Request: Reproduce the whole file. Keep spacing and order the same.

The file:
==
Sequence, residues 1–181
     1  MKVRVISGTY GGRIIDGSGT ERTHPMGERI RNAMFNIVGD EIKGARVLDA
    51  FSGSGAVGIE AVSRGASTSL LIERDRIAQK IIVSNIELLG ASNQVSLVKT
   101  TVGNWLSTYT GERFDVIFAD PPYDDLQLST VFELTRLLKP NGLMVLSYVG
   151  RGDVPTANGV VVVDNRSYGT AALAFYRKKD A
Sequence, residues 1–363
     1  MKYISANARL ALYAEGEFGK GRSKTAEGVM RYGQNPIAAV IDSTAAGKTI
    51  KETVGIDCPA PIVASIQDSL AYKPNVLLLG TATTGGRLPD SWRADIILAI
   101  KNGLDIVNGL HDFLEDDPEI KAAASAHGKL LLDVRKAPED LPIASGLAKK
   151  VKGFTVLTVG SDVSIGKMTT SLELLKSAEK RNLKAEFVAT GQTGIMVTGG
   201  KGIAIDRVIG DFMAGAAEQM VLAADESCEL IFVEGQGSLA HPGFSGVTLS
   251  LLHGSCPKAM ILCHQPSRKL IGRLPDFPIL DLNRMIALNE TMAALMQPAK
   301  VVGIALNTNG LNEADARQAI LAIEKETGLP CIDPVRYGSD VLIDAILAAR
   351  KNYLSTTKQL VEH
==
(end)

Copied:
Sequence, residues 1–181
     1  MKVRVISGTY GGRIIDGSGT ERTHPMGERI RNAMFNIVGD EIKGARVLDA
    51  FSGSGAVGIE AVSRGASTSL LIERDRIAQK IIVSNIELLG ASNQVSLVKT
   101  TVGNWLSTYT GERFDVIFAD PPYDDLQLST VFELTRLLKP NGLMVLSYVG
   151  RGDVPTANGV VVVDNRSYGT AALAFYRKKD A
Sequence, residues 1–363
     1  MKYISANARL ALYAEGEFGK GRSKTAEGVM RYGQNPIAAV IDSTAAGKTI
    51  KETVGIDCPA PIVASIQDSL AYKPNVLLLG TATTGGRLPD SWRADIILAI
   101  KNGLDIVNGL HDFLEDDPEI KAAASAHGKL LLDVRKAPED LPIASGLAKK
   151  VKGFTVLTVG SDVSIGKMTT SLELLKSAEK RNLKAEFVAT GQTGIMVTGG
   201  KGIAIDRVIG DFMAGAAEQM VLAADESCEL IFVEGQGSLA HPGFSGVTLS
   251  LLHGSCPKAM ILCHQPSRKL IGRLPDFPIL DLNRMIALNE TMAALMQPAK
   301  VVGIALNTNG LNEADARQAI LAIEKETGLP CIDPVRYGSD VLIDAILAAR
   351  KNYLSTTKQL VEH